Faculty & Staff Updates

Dr. George McGhee Retires After 42 Years at Rutgers University

Saying Goodbye After Teaching Paleontology for Over Four Decades

 Written by Ken Miller

McgheePhotoFollowing 42 years of teaching, research, and service, Distinguished Professor George McGhee retired in 2020 and assumed a position as Emeritus Professor. George received his PhD under David Raup from the University of Rochester when it was the hotbed of paleontology. His work in the field of paleontology has concentrated on the analysis of ancient ecosystems and the evolution of life through time within this ecological context. George’s research has involved the empirical analysis of Late Devonian marine ecosystems and the theoretical consideration of the ecology of multispecies evolution and extinction patterns. His recent work focused on testing various hypotheses of mass extinction and adaptive significance of organic form in nature using the analytic techniques of "theoretical morphology." As Fellow of the Konrad Lorenz Institute for Evolution and Cognition Research, Vienna as well as the Vatican Institute, he was part of evolutionary “think tanks”, addressing the processes of evolution. Not many get to advise the Vatican on evolutionary theory! He is particularly well-known for his books on evolution, geologic time, and functional morphology. Check out this video interview of George talking about his research.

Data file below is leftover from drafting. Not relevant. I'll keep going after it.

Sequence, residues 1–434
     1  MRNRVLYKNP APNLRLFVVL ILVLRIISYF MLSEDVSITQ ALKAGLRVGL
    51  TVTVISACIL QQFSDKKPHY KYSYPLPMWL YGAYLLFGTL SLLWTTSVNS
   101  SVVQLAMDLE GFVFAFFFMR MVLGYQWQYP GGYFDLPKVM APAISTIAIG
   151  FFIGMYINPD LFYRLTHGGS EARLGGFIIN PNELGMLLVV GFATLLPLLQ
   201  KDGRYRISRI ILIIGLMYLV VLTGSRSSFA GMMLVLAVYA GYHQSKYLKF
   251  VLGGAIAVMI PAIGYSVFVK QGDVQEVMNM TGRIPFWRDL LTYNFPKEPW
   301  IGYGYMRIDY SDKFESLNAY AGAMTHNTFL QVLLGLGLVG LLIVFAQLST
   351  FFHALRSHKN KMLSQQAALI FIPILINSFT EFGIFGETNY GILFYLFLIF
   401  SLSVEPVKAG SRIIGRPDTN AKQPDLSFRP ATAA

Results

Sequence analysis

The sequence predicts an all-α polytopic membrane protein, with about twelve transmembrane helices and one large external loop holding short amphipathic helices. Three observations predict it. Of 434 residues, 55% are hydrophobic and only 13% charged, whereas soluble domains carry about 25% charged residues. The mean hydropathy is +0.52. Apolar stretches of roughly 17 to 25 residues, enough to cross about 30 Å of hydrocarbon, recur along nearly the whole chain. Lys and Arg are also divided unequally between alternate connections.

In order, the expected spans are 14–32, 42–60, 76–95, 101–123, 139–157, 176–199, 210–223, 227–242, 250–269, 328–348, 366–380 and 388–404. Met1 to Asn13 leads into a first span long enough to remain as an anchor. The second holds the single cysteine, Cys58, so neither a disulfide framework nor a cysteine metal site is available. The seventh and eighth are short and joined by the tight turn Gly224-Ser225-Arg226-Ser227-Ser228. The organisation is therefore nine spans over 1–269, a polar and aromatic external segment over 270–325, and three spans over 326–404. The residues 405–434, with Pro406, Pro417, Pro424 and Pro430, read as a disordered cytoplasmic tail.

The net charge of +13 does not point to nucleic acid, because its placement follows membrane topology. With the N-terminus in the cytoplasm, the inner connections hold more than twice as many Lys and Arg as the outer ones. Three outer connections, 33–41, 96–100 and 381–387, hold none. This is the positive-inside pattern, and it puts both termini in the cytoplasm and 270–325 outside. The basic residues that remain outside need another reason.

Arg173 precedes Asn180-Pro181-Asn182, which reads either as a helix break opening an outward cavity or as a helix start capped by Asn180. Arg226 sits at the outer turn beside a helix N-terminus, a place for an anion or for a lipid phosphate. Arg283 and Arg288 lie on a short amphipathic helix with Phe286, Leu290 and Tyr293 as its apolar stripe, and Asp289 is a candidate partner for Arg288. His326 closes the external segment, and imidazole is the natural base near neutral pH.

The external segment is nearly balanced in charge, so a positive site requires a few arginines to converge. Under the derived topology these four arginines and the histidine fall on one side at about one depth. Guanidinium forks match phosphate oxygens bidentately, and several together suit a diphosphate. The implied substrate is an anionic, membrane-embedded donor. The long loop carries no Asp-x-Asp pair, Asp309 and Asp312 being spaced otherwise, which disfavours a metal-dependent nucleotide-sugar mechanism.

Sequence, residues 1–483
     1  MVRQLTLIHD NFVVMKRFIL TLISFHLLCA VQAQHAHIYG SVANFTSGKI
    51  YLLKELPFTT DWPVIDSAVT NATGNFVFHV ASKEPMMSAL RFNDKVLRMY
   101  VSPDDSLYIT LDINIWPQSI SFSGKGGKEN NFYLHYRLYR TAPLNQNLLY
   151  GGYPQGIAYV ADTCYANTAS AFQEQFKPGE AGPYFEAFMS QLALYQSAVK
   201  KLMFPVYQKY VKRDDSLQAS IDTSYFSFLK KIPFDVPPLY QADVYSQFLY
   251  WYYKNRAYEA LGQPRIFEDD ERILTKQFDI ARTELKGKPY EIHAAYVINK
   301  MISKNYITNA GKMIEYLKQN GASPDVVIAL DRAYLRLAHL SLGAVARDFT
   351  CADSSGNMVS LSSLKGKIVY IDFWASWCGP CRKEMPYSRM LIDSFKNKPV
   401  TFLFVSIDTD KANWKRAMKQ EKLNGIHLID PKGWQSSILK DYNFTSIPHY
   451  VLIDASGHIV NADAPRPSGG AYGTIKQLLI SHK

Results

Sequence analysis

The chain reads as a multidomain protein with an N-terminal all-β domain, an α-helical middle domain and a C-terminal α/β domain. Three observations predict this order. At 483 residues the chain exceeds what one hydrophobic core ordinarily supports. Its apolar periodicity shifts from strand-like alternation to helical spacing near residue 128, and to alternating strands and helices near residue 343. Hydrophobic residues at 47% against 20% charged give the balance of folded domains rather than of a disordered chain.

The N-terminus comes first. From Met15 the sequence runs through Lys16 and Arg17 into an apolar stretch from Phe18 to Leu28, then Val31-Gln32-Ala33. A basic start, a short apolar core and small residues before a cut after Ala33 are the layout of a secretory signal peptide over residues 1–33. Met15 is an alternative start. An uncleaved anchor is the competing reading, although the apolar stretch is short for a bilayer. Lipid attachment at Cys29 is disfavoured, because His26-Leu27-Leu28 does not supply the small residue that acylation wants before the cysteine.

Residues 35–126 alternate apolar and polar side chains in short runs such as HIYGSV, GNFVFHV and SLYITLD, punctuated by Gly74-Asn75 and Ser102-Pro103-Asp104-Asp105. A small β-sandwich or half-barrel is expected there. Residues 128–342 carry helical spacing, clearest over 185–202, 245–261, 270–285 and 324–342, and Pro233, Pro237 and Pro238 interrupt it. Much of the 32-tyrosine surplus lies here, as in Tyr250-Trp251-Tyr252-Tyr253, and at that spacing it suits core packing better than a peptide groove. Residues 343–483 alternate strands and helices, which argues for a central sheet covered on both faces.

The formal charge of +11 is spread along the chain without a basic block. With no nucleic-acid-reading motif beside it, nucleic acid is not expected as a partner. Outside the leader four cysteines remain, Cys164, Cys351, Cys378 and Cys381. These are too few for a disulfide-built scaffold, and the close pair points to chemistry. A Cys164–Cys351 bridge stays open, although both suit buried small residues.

George is also a masterful teacher, teaching the majors course Paleontology and the general education Dinosaurs course to hundreds of students each year to rave reviews. As a testament to his teaching, early on in his career at Rutgers, George was assigned to Historical Geology. About 20 minutes into his first lecture, he noticed the quizzical expressions on the students faces. He asked, “Is there anything wrong?” A timid hand went up, and asked “Professor, is there a prerequisite to this course?” He replied, “Isn’t this 101?” Another timid hand went up, “Professor there is no prerequisite.’ George turned to the class, grabbed the chalk, and said, “let’s start over.” His “chalk talk” approach to teaching is incredibly clear and thorough and the students appreciate his style and content. I saw him come into a Major Events, an upper level course for our majors, class in 2018 with just chalk (while so many of us use every techno crutch we can) and give one of the most engaging and analytical lectures in this capstone course. We wish him well and expect many more books to be written in retirement.